Investigation 4

4. Australian Curriculum level and focus

Historical knowledge and understanding

Students will cover the following areas:

  • The waves of post-World War II migration to Australia, including the influence of significant world events (ACDSEH144) 
  • The impact of changing government policies on Australia's migration patterns, including abolition of the White Australia Policy, ‘Populate or Perish’ (ACDSEH145) 
  • The impact of at least ONE world event or development and its significance for Australia, such as the Vietnam War and Indochinese refugees (ACDSEH146)

Historical skills

Students will exercise the following historical skills:

Chronology, terms and concepts 

  • Use chronological sequencing to demonstrate the relationship between events and developments in different periods and places (ACHHS182)
  • Use historical terms and concepts (ACHHS183)

Historical questions and research

  • Identify and select different kinds of questions about the past to inform historical inquiry (ACHHS184)
  • Evaluate and enhance these questions (ACHHS185)
  • Identify and locate relevant sources, using ICT and other methods (ACHHS186)

Analysis and use of sources 

  • Identify the origin, purpose and context of primary and secondary sources (ACHHS187)
  • Process and synthesise information from a range of sources for use as evidence in an historical argument (ACHHS188)
  • Evaluate the reliability and usefulness of primary and secondary sources (ACHHS189)

Perspectives and interpretations

  • Identify and analyse the perspectives of people from the past (ACHHS190)
  • Identify and analyse different historical interpretations (including their own) (ACHHS191)

Explanation and communication

  • Develop texts, particularly descriptions and discussions that use evidence from a range of sources that are referenced (ACHHS192)
  • Select and use a range of communication forms (oral, graphic, written) and digital technologies (ACHHS193)

Interdisciplinary thinking

Students will engage with the concepts of:

  • significance
  • continuity and change
  • cause and effect
  • place and space
  • interconnections
  • roles, rights and responsibilities
  • perspectives and action.

Cross-curriculum priorities

Students will be involved in additional learning about aspects of:

  • Aboriginal and Torres Strait Islander Histories and Cultures
  • Asia and Australia’s Engagement with Asia

Source: The Australian Curriculum Humanities and Social Sciences v8.3, December 2016, viewed 1 November 2018

5. History outcomes matrix

All case studies in the learning module have been designed to help students develop the knowledge and skills outcomes specified in the Australian Curriculum History. At the end of each case study teachers could use this matrix to help guide student discussion about what they have achieved from the case study. The matrix is suitable to be used from Years 5–10, but with teachers guiding the discussion as appropriate to the particular class. It could also be used for assessment purposes.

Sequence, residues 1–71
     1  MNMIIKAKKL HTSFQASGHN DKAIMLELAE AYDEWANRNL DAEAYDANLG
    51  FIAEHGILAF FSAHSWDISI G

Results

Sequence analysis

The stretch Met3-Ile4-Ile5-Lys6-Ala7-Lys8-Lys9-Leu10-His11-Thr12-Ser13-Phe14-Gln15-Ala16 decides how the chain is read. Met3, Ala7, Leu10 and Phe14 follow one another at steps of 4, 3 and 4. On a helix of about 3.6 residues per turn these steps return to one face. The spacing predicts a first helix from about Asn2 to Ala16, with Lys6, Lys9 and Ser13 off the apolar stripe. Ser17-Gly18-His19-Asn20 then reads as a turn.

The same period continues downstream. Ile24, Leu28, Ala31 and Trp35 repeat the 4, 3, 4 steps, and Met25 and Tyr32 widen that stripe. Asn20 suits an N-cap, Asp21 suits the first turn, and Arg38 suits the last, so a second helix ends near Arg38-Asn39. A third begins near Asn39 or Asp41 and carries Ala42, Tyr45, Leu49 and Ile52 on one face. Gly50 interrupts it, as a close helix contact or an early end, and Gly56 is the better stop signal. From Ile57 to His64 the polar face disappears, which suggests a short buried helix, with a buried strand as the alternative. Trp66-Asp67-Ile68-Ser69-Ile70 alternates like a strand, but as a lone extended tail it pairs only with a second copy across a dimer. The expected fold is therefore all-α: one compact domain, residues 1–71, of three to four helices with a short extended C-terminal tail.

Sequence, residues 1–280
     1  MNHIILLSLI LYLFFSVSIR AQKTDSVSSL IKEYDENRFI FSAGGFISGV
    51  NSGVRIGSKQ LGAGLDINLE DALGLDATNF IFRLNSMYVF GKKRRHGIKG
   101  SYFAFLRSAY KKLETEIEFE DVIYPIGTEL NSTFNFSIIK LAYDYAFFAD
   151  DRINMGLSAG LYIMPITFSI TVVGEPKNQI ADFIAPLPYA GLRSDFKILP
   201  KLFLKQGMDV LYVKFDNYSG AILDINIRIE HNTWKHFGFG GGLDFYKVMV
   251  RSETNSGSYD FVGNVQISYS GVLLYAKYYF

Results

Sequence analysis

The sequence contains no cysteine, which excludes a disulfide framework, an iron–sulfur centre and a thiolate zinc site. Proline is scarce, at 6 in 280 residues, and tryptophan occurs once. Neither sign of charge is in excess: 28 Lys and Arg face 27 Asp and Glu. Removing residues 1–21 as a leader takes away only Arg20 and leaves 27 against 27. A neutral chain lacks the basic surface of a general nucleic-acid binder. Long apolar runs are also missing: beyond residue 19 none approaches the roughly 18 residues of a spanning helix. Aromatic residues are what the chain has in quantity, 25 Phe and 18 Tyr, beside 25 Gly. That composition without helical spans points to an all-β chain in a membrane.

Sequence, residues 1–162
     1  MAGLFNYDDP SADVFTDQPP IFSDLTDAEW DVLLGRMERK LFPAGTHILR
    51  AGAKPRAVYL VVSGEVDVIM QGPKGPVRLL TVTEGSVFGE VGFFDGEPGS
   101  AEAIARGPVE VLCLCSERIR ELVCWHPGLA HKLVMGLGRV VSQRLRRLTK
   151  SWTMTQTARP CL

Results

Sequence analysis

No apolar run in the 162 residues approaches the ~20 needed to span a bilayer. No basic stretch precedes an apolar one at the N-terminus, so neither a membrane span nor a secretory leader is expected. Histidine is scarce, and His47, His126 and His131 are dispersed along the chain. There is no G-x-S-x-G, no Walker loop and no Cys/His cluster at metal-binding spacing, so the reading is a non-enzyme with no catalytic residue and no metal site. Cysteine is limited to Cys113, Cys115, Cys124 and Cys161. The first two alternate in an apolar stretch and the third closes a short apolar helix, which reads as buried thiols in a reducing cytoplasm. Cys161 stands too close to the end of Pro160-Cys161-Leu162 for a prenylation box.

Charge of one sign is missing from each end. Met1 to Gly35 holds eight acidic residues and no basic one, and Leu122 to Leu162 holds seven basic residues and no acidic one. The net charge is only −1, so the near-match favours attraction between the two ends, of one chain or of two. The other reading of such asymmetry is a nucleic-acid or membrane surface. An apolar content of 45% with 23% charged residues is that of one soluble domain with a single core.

Outcome Elaboration or Explanation Applying this to each case study
KNOWLEDGE Comprehending what happened factually. What happened?
UNDERSTANDING Being able to explain what happened and why. Explain why it happened.
CHRONOLOGY Knowing how events occurred in time and place. Explain how events unfolded.
CAUSE AND EFFECT Understanding why events occurred as they did and the impacts or effects they had. Explain the causes of the event and its impacts.
EMPATHY Looking at events from the different perspective of participants. Why do you think people at the time might have behaved in this way?
CHANGE AND CONTINUITY What changed and what remained the same after the event. Explain how the event changed some aspects, but not others.
VOICE OR AGENCY Understanding whose voice or perspective is included and excluded in the record of the event. Which people or groups involved in, or affected by, the event have been represented? Which groups have not yet been represented?
JUDGEMENT Deciding on the benefit or harm created by the event. Explain why you think the event was beneficial or harmful, or both.
SIGNIFICANCE Explaining why it might be considered a ‘Defining Moment’ in Australian history. Do you think it was a significant and impactful event? Explain why you do or do not think this event is significant to Australian history.

6. History source analysis guide

Some of the case studies involve students using historical skills to evaluate primary sources of evidence. This process involves identifying ‘bias’ but also many other features of the evidence. Students can use a source analysis guide to help them interrogate sources.

Aspects Elaborations Document Image Artefact
DESCRIPTION How would you describe or classify it? What type of evidence is it? e.g. an official government report, a diary entry, transcript of an interview recorded 40 years after the event e.g. a photograph from the time, a propaganda poster, a satirical cartoon e.g. a made object
ORIGIN Who created it? When? Where? e.g. an eyewitness account from a participant on one side, a family story handed down for generations, a newspaper report that quotes several participants e.g. an eyewitness, a government body, a newspaper cartoonist e.g. created at the time, used at the time, technique used, materials used, made by all
CONTEXT What were the conditions at the time? How could they have influenced its creation? e.g. created during a period of crisis, created years later after the events had finished e.g. created during a period of crisis, created years later after the events had finished e.g. typical of the time or an innovation, specialised or mass production
AUDIENCE Who was it created for? How widespread would it have been? e.g. a political party, a mass protest, an official inquiry, a personal record e.g. a political party, a mass protest, an official inquiry, a personal record, a readership e.g. elite people or ordinary people
PURPOSE Why was it created? What is its style or tone? e.g. as an official record, to influence people to join a political party, to criticise somebody e.g. to entertain, to persuade or influence, to criticise, to reveal information, to record facts e.g. everyday use or specialised use, domestic use or trade
RELEVANCE What does it help you know and understand about what you are investigating? e.g. people involved, places, times, attitudes, values of the time, supporters and opponents e.g. people involved, places, times, attitudes, values of the time, supporters and opponents e.g. work, leisure, education, attitudes, values, everyday life, food
RELIABILITY What is its authority, accuracy and believability? e.g. factual accuracy, person in a position to know, first-hand or second-hand e.g. factual accuracy, person in a position to know, first-hand or second-hand e.g. typical or unusual, how closely associated with the events

7. Learning at the National Museum of Australia

Enjoying our online teaching resources? Why not check out what else we have to offer?

We run onsite school programs, digital excursions and teacher professional learning programs.

Discover more about defining moments in Australian history through these curriculum-linked learning activities.

Student activities

Investigation 1: What have been the ‘waves’ of migration?